The other reviewers have given excellent accounts of these superb Miklos Jancso films so no need to add my modest thoughts. Having recently bought them perhaps it's worth mentioning the excellent Second Run releases in terms of quality and extras which the others have not covered in any detail, if at all.
Of the two - The Round-Up and The Red and the White, the Round-Up clearly comes from a superior print source. It is clean and sharp although not without occasional damage and speckling. The poorest section is the opening titles which has the most speckling but once into the main body of the film it is only sporadic.
The bold contrast looks very good - it seems comparable to the print I saw at the NFT some years ago - in the transfer the whites behave themselves and there's detail in the shadows. One major problem comes in the appalling scene where the poor naked girl is whipped as she runs between two lines of soldiers. The fast close-up panning produces in the telecine lots of very noticeable little black pixel blocks in the trail of the image. This also reoccurs in a shot later in the scene but I haven't spotted this technical problem elsewhere. Nevertheless it's a stunning film, which comes with a new  20 min interview with the director and as always with Second Run an excellent illustrated booklet.
The source print for The Red and the White seems to be a softer, slightly murky one, by comparison. It has a good measure of speckling at the head of the opening reel, as with The Round-Up. There's even a persistent scratch in the right-hand quarter of the frame that continues some way into the body of the film. The exteriors tend to be low in contrast and a little soft but the sharpness does improve later on in the film where the contrast is stronger in the hospital interior scenes.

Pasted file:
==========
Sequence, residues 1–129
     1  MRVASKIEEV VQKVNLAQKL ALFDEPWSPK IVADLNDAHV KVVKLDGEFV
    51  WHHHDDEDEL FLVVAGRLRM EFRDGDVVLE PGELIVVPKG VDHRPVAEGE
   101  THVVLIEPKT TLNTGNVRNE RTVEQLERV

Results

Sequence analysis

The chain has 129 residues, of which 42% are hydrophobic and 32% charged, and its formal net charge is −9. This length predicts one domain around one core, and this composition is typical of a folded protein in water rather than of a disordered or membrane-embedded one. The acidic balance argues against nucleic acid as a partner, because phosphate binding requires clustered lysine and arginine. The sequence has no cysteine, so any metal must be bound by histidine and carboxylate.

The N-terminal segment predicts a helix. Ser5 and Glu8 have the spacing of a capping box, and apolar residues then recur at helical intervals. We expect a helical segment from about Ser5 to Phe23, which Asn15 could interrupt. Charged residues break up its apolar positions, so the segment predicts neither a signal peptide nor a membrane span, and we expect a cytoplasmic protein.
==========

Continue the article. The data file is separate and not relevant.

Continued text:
The Red and the White DVD also comes with an episode from the directors documentary series, 'Message of Stones' shot on digital video in 4:3 aspect ratio. This is a wordless - in terms of commentary - visual 'meditation' on Jewish life in Budapest - or that's how it struck me on first viewing [I haven't had time to view it all yet]. Anyway, it's a substantial and valuable extra. The booklet contains the transcript of another interview with MJ.
Finally, the aspect ratio of both films is 2.35:1 so you should watch with bars at the top and bottom of the screen to view the whole frame. This has the advantage of placing half the sub-titles in the black band across the bottom and not over the picture. If my 16:9 TV is set to auto aspect ratio it fills most of the screen with an image cutting off the left and right sides of the frame. Is this what "enhanced for widescreen televisions" means?
The restored mono soundtracks are very acceptable and of course none of the modest defects can distract from the brilliance of these great films. They are not to be missed on these great value, excellent quality Second Run releases.